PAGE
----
Tamerlan and Dzhokhar Tsarnaev (Associated Press)

A comprehensive analysis of the weekday major network nightly newscasts delivers one unsurprising result: The top story of 2013 was the Boston Marathon bombings. ABC’s “World News” with Diane Sawyer devoted 119 minutes to the story; “CBS Evening News” with Scott Pelley, 157 minutes; and “NBC Nightly News” with Brian Williams, 156 minutes.

Far too much, in the opinion of the study’s pilot, longtime TV news watcher Andrew Tyndall. “All three newscasts overcovered the Story of the Year. The pressure-cooker bombs at the finish line of the Boston Marathon killed only three people. Yet emotional video from the scene and an all-out manhunt in a grieving city made up for the lack of carnage,” argued Tyndall in a summary of his report.

Come again? Didn’t this act terrorize the country? Didn’t it expose the continuing vulnerabilities of mass events? How could it have been overcovered? In a chat with the Erik Wemple Blog, Tyndall argued that because the bombing happened at such a well-documented and extensively videotaped event, and because so much drama followed it, the networks went overboard. “There were incidental reasons why it was a big story,” says Tyndall.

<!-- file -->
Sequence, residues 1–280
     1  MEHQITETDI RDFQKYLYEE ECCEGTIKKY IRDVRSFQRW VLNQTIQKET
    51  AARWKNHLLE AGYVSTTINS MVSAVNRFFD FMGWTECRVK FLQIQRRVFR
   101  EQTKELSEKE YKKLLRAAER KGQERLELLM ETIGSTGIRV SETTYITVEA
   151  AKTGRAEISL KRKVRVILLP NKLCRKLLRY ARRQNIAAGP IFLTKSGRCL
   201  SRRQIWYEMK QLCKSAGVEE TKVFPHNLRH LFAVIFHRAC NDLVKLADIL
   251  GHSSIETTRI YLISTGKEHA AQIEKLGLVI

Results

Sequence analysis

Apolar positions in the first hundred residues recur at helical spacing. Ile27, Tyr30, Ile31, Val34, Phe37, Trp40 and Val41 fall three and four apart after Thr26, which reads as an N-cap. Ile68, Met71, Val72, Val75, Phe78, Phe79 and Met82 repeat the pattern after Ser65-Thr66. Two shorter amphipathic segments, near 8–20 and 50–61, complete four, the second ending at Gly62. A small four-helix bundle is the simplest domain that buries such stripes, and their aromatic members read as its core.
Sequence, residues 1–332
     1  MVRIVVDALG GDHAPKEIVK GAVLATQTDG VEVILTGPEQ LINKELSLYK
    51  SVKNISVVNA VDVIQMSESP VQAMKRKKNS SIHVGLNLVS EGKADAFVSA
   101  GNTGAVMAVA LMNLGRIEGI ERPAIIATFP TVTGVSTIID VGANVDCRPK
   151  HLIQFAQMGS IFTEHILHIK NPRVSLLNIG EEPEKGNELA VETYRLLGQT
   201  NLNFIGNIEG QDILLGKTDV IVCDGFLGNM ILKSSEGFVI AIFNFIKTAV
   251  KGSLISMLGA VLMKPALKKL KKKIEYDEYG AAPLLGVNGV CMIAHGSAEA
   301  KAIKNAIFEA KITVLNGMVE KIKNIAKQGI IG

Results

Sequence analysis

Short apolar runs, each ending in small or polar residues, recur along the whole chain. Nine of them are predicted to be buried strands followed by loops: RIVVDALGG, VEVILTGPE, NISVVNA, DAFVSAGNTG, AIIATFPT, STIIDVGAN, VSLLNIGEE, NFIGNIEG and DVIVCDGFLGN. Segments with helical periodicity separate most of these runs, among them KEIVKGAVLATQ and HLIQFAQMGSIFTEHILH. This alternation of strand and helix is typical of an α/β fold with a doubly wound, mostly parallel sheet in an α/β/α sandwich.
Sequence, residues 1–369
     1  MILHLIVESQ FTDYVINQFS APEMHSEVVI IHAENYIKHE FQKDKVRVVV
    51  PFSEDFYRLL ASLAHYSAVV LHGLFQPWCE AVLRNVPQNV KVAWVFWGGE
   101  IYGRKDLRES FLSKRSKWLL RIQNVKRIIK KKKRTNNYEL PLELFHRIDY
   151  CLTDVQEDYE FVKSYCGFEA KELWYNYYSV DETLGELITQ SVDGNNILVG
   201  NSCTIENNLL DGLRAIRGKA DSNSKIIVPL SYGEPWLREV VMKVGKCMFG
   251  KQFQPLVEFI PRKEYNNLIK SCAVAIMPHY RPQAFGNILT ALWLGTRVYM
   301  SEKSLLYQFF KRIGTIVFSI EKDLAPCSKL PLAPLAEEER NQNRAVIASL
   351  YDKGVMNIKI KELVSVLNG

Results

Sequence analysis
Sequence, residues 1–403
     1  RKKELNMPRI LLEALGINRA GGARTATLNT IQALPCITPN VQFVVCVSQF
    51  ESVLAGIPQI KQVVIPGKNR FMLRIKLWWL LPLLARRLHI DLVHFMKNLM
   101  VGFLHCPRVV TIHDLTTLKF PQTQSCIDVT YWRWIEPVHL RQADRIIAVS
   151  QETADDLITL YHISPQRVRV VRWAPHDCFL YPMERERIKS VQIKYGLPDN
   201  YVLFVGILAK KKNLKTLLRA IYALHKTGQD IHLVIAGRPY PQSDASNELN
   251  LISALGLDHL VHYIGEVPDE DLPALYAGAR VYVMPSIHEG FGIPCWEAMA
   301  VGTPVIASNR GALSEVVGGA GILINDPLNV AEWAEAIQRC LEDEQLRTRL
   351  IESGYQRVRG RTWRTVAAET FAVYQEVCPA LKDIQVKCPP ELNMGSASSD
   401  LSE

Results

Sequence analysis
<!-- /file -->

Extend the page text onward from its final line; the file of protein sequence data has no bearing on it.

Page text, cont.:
Those incidental reasons apparently convinced TV viewers across America that it was a big story, based on ratings spikes that boosted CNN and other news providers. The blanket coverage that television outlets devoted to Boston, says Tyndall, rendered them mute on a critical story that emerged in the midst of the chaos — namely, the Boston lockdown that took effect as authorities searched for the bombing suspects. “The fact that the news media overreacted in the same proportion as the police authorities did meant that they disqualified themselves” from criticizing the cops, argues Tyndall.

In addition to hammering the industry on Boston, Tyndall criticized ABC News’s nightly newscast for tamping down its coverage of major domestic and foreign-policy issues. More on that matter here and here.

Erik Wemple writes the Erik Wemple blog, where he reports and opines on media organizations of all sorts.